In late January, the Southern region Analyst Fellowship cohort convened in Nashville, Tennessee to discuss issues surrounding change management and innovative ideas in education. Several distinguished education professionals from the Nashville area met with the Fellows to discuss the space for innovation and change in education organizations nationwide. Among these guests was Ravi Gupta, the founding director of Nashville Prep Charter School and an up-and-coming leader on the national scene, recently named one of Forbes’ Magazine’s “30 Under 30” in Law and Policy. The Fellows had a chance to discuss the school’s design with Ravi, followed by a student-led tour of the small but dynamic campus.
Amid some fervor in the city, Nashville Prep opened in the fall in 2011 with just a 5th grade class, and currently serves both 5th and 6th grades. (The school will expand by one grade each year until it eventually serves grades 5 through 12.) Under Ravi’s leadership and guidance, the school has an engaging and highly interactive curriculum coupled with a no-nonsense, no-excuses discipline policy for its largely economically disadvantaged students. So far, the model seems to be working: according to test scores from the end of the 2011-2012 school year, the students at Nashville Prep are performing above the state average on math and reading, even though many of them started at the school far below grade level.
The story of Nashville Prep and its young but capable founder is an inspiring one, and many Fellows were abuzz with excitement over what this example could mean for the national movement toward better schools for all children.
So what does a school like Nashville Prep, with its clear, no-excuses policies for both high achievement and discipline, mean for the national school choice movement? How does this sort of high-achieving charter school fit into the new framework of “finding the best fit” for every student?
Unlike some charter schools nationwide, especially in cities like New Orleans and Memphis, Nashville Prep was not an existing school that was taken over by a charter management group. The school is a start-up, built around Ravi’s vision and experience for how children best learn and achieve at the highest level. The school also has no mandated attendance zone in the city; all students enrolled at NP are there because they actively choose to be there. While the school boasts a “no expulsions” policy, Ravi and his leadership team leave no doubt about the kind of dedication to the school’s mission that is expected from both students and their parents alike. And a handful of families have opted out of NP’s mission and its classrooms, exercising their emerging right to school choice by enrolling their students elsewhere.
There is no doubt that for those students and parents who choose to commit to the school’s mission and structure, Nashville Prep is working – and working well. The students are actively engaged, the teachers are top-notch, and the state test results speak to the success of their methods. Our group was guided on the tour by several sixth grade students, who all spoke eloquently and with excitement about their school and their own achievements there. NP is also a vibrant example of parental choice at work: the students who opt to stay are thriving in the school, uninterrupted by those students who were not as compelled by the mission. The parents for whom NP was not a good fit were able to select another, more appropriate campus for their students.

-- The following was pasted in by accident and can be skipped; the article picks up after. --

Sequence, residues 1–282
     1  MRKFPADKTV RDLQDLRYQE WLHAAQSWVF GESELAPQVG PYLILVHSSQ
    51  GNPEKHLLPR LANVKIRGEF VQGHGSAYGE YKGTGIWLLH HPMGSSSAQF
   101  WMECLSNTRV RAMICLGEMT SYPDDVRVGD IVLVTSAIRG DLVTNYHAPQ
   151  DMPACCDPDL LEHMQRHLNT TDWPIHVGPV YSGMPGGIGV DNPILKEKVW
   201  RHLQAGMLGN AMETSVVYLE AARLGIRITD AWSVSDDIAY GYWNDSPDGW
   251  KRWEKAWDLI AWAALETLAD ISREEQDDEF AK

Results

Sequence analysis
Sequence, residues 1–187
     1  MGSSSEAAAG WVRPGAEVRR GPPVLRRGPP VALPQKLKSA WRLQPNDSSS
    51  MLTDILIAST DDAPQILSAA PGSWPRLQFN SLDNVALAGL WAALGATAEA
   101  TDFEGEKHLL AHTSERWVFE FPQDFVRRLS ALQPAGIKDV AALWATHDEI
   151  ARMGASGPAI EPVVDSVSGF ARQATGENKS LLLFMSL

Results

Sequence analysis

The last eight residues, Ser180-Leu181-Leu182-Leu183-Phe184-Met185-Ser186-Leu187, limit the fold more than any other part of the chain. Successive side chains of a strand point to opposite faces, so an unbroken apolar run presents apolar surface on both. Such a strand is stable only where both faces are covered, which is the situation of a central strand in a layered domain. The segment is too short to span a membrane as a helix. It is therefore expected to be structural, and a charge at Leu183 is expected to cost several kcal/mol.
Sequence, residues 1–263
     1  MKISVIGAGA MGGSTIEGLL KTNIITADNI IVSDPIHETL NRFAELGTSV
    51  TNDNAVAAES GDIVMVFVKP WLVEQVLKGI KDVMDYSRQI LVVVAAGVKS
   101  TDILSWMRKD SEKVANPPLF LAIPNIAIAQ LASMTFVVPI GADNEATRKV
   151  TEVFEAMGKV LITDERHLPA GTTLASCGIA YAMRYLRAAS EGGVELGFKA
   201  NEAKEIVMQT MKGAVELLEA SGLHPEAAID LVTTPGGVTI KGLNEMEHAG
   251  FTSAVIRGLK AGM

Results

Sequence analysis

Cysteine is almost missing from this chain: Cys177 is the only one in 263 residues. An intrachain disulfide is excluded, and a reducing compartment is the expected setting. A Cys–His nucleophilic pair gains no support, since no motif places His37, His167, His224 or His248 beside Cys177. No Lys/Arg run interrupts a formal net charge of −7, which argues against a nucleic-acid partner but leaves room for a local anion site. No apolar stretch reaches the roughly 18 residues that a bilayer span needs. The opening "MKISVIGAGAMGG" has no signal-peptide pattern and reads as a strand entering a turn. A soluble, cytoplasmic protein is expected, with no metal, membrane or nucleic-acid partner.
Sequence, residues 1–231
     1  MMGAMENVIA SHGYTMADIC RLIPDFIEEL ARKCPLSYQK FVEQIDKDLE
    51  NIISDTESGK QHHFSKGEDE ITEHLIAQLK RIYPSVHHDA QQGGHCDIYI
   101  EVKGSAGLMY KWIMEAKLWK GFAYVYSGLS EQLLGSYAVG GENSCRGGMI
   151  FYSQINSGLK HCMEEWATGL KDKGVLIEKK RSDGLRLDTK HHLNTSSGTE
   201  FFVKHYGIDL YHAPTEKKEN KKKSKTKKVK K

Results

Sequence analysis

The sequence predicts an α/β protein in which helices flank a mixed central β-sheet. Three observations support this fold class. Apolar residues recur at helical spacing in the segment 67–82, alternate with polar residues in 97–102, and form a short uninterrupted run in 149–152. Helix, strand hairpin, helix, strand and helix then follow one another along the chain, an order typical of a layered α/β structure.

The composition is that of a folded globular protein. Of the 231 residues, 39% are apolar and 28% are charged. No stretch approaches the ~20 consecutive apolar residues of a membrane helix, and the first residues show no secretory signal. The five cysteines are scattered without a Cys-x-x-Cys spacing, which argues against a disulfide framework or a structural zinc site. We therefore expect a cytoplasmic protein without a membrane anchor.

Following the Fellows’ visit to Nashville Prep, our conversation addressed the outcomes for these parents and students who opted out: is there a better fit charter school in Nashville for these students? Or is the only alternative a neighborhood school which may or may not be delivering a quality education – and almost certainly is not performing at the level of NP?
These questions also persist in the national conversation around the movement toward parental choice and charter schools – for which we do not yet have all the answers. However, as Natasha Kamrani, president of the Nashville Public Education Foundation, also reminded our group in Nashville: not having all the answers right now is ok.
Yet these answers are precisely what we are all seeking in our work as Education Pioneers Fellows and future leaders in schools, districts, departments of education, and nonprofits. The desire for parental choice in where to send their children to learn will continue to be a driving force of the education reform movement. Continuing to address questions like those presented by Nashville Prep’s mission and success – and digging deeper into the data to improve the quality of education for all students – should be our motivating force as we lead this movement.